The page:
Lester H. McKeever, Jr., Treasurer, Board of Trustees: lmckeever@wpmck.com


  1. strawberryrevolution September 3, 2014 at 1:56 am | #

    E-mailed. Do you want a copy? If so I’d advise setting a separate email account for that purpose so that you don’t end up with your normal email jammed by hundreds CCs and Bccs.

    • Elizabeth September 3, 2014 at 10:19 am | #

      If you use facebook, I would recommend posting your own letter on facebook to inspire your friends to also write in. Or just email it to colleagues. People will be more likely to take the time to write when they see that their friends and colleagues are doing it.

  2. escott September 3, 2014 at 10:13 am | #

    Judging by all said in this Blog, I believe Salaita a top academic and not anti-Semitic. His tweets show he’s human, sometimes getting frustrated and angry.

    If Moses were a modern academic UIUC would have better cause for dehire. What kind of man dashes the tablets G-d himself gave to him?

    And if someone said “ ISIS has made anti-Islamism honorable” couldn’t we discern his meaning without being anti-Islamic.

    • Ligurio September 3, 2014 at 11:43 am | #

      Well, especially if “anti-Islamic” were put in scare quotes–that is, to show that one is NOT anti-Islamic, one is anti-ISIS. Suppose a bunch of well funded ISIS supporters started claiming that to oppose ISIS is to be anti-Islamic. That’s the context for the scare-quoted “‘anti-Semitism'” reference in Salaita’s tweet. In other words, if being anti-Zionist/ISIS means being “anti-Islamic/Semitic”, then it’s a good thing, right? (In the tone of ironical sarcasm.) I’m sorry for sounding pedantic about this, but even Cary Nelson claims to have a hard time understanding the meaning of Salaita’s tweets. (In his latest bit of agit-prop, he appeals to the undecidability of linguistic meaning in tarring Salaita with the charge of de facto anti-Semitism. He is a disgrace to the profession.)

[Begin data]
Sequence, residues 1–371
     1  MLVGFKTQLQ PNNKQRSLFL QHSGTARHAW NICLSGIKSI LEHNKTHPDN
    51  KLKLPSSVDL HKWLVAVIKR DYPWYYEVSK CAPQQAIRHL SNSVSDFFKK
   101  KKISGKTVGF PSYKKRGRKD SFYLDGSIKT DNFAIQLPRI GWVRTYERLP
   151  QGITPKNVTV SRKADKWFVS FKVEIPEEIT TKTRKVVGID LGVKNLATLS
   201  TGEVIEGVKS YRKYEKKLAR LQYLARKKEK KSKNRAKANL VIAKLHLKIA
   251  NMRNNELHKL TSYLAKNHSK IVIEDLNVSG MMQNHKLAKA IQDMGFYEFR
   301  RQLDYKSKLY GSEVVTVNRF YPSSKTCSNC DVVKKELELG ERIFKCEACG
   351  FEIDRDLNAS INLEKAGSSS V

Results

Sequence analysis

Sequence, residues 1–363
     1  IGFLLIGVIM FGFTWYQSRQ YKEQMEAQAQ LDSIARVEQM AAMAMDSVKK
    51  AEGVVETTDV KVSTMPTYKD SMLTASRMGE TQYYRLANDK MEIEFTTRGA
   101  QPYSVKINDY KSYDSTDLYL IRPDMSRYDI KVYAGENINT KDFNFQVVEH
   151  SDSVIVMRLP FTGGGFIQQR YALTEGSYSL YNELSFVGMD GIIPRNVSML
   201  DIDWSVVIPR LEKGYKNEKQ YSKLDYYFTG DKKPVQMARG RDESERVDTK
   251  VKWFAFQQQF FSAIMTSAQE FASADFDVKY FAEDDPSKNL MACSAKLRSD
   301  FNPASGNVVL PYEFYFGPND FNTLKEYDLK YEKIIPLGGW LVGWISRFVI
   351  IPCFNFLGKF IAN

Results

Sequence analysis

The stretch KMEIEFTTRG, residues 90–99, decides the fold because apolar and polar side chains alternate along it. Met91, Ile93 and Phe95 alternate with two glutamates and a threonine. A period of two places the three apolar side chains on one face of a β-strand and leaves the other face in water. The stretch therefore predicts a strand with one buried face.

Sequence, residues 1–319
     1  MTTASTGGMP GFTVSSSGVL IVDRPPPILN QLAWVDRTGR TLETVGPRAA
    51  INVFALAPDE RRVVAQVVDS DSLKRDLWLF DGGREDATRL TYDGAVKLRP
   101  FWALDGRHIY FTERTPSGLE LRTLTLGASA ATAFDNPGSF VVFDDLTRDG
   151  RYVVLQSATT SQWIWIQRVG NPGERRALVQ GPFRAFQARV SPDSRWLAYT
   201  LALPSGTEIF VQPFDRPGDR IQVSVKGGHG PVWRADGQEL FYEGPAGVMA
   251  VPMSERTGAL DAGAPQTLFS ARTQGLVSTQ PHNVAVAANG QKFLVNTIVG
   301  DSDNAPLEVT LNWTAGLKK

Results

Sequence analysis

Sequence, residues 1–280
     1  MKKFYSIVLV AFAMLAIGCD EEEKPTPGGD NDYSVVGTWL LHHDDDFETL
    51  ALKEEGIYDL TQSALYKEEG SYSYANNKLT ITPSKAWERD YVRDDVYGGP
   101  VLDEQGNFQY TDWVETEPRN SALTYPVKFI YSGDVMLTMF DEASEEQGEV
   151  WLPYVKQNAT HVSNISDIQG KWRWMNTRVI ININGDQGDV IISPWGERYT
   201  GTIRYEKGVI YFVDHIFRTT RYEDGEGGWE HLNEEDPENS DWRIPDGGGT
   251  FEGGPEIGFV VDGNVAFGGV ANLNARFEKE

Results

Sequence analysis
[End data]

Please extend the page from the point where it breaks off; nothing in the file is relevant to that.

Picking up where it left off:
• Robin Messing September 3, 2014 at 9:58 pm | #

      Escott, Smashing tablets was hardly Moses’s most egregious offense. UIUC would have had an even greater reason to dehire him because after he destroyed the tablets God gave him, he and his band of merry thugs, apparently on direct order from the Big Guy above, murdered 3,000 of his own people for disobeying God. This was, of course, shortly after God gave Moses the tablet saying “Thou shalt not murder”.

  3. Ayman Fadel September 3, 2014 at 2:22 pm | #
  4. Ayman Fadel September 3, 2014 at 2:46 pm | #

    I’ve written a letter, and I’ve posted it at a blog entry. In the blog entry, I’ve included a link that launch your e-mail client to write to the e-mail addresses Professor Robin listed here:


  5. James Hoff September 3, 2014 at 2:58 pm | #

    Letter sent! Thanks for staying on top of this Corey and for sifting through all of those documents. Follow the money as they say.

  6. Neil Schipper September 3, 2014 at 3:10 pm | #

    I tried posting the following yesterday on the “Breaking News! Wise to Forward Salaita Appointment to Trustees! Updated” post at Crooked Timber. It appears to have not passed moderation. I don’t know if this reflects Corey Robin’s personal decision on what constitutes acceptable speech on Crooked Timber, which is a group-run blog, so I am trying again here.

    There have been so many comments on prior Salaita related threads with in-depth explorations of esoteric legal questions, and I’m anticipating a lot of complex strategic analysis just now.

    Why bother with all the complicated, nuanced, intricate argumentation? (And are blog comments even the appropriate medium for communicating the main ideas?)

    Far better to presume, with total self-righteousness, that everyone that’s good and smart agrees with your POV entirely. Then, you can issue effective commentary, in continuous short bursts, like this:


    I hate waking up only to realize that the UIUC Board of Trustees still exists.